Smart home company Aqara has released its retrofit curtain solution in the US and Europe. Previously available in China, the Aqara Curtain Driver E1 starts at $89.99 and mounts onto an existing curtain track or rod to automatically open and close your curtains. It works with Aqara’s own ecosystem as well as with Apple’s HomeKit, Amazon’s Alexa, Google Home, and IFTTT. Aqara says it will also be compatible with Matter when the new smart home standard arrives later this fall.
Automating shades, blinds, and curtains is one of the smart home’s coolest and most useful tricks. Smart window coverings can be set to open every morning and close every night based on a set time or at sunrise and sunset, controlled with a voice command, and automatically operate based on your location or even the weather. Paired with a smart home system they can also react to motion and temperature sensors as well as other triggers
Aqara’s retrofit Curtain Driver can do all these things plus has a built-in light sensor so you can set the curtains to open and close based on ambient light. An adjustable speed setting in the Aqara app will also allow you to program the curtains to open slowly — over up to an hour — to simulate a natural sunrise. This reduces the noise from the motor, making it a better fit in a bedroom. Noise is generally the biggest drawback to motorized solutions to window coverings, as the motors that control the opening and closing can be loud.
The Aqara E1 is a relatively large battery-powered device that works by attaching to an existing curtain rod or rail. There are two versions of the Zigbee-powered device: a rod version for $99.99 that attaches over the curtain rod and a track version for $89.99 that hooks into U-rails and I-rails.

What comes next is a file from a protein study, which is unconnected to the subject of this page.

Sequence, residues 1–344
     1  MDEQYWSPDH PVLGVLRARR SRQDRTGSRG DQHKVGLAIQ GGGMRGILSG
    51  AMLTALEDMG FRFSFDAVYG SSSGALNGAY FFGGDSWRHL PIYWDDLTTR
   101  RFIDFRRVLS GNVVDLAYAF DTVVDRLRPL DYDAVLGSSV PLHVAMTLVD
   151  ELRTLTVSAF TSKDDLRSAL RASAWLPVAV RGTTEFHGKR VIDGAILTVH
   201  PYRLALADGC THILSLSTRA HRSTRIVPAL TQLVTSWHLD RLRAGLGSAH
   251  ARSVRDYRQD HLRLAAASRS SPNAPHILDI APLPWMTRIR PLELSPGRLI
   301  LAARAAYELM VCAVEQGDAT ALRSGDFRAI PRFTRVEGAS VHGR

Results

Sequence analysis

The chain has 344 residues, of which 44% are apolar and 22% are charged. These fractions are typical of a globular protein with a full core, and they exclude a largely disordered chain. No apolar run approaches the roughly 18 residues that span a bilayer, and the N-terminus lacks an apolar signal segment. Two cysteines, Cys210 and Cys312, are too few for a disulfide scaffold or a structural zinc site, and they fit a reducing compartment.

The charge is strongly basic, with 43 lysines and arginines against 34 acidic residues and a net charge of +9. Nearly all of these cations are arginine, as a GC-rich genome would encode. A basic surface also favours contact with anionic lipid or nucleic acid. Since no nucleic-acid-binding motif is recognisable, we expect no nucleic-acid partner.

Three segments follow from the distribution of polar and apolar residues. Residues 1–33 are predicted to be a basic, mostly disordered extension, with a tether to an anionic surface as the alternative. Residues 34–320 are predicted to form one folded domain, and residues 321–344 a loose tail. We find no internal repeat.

If you have curtains on the same rod that open in opposite directions, you will need two devices, which get pricey quickly. (Both models are on sale on Amazon today, July 11th, for 20 percent off with the promo code USCURTAIN or CURTAINUKEU.) No wiring is required, and the 6000mAh battery should last up to a year and can be charged with a USB Type-C charging cable.
The Aqara Curtain Driver does need a compatible Zigbee 3.0 Aqara Hub (starting at $30). Its main competition in this space, the SwitchBot Curtain, costs the same but doesn’t require a hub for local use (it works over Bluetooth). However, it does require a $40 SwitchBot Hub to operate your curtains when you’re away from home or integrate it with a smart home system. (It’s compatible with Alexa, Google Home, IFTTT, and Siri Shortcuts but not with HomeKit natively.) Interestingly, Aqara says that, when paired to its Camera Hub G3, its curtain driver can be controlled with hand gestures.
The Aqara version claims to shift fabric loads up to 26 pounds / 12kg, whereas the SwitchBot tops out at 17 pounds / 8kg. Both SwitchBot and Aqara have smart buttons that can be paired with the smart curtain devices to act as a physical remote control for your drapes. We plan to test both curtain drivers in the coming weeks and will report back with a full review.
Jennifer Pattison Tuohy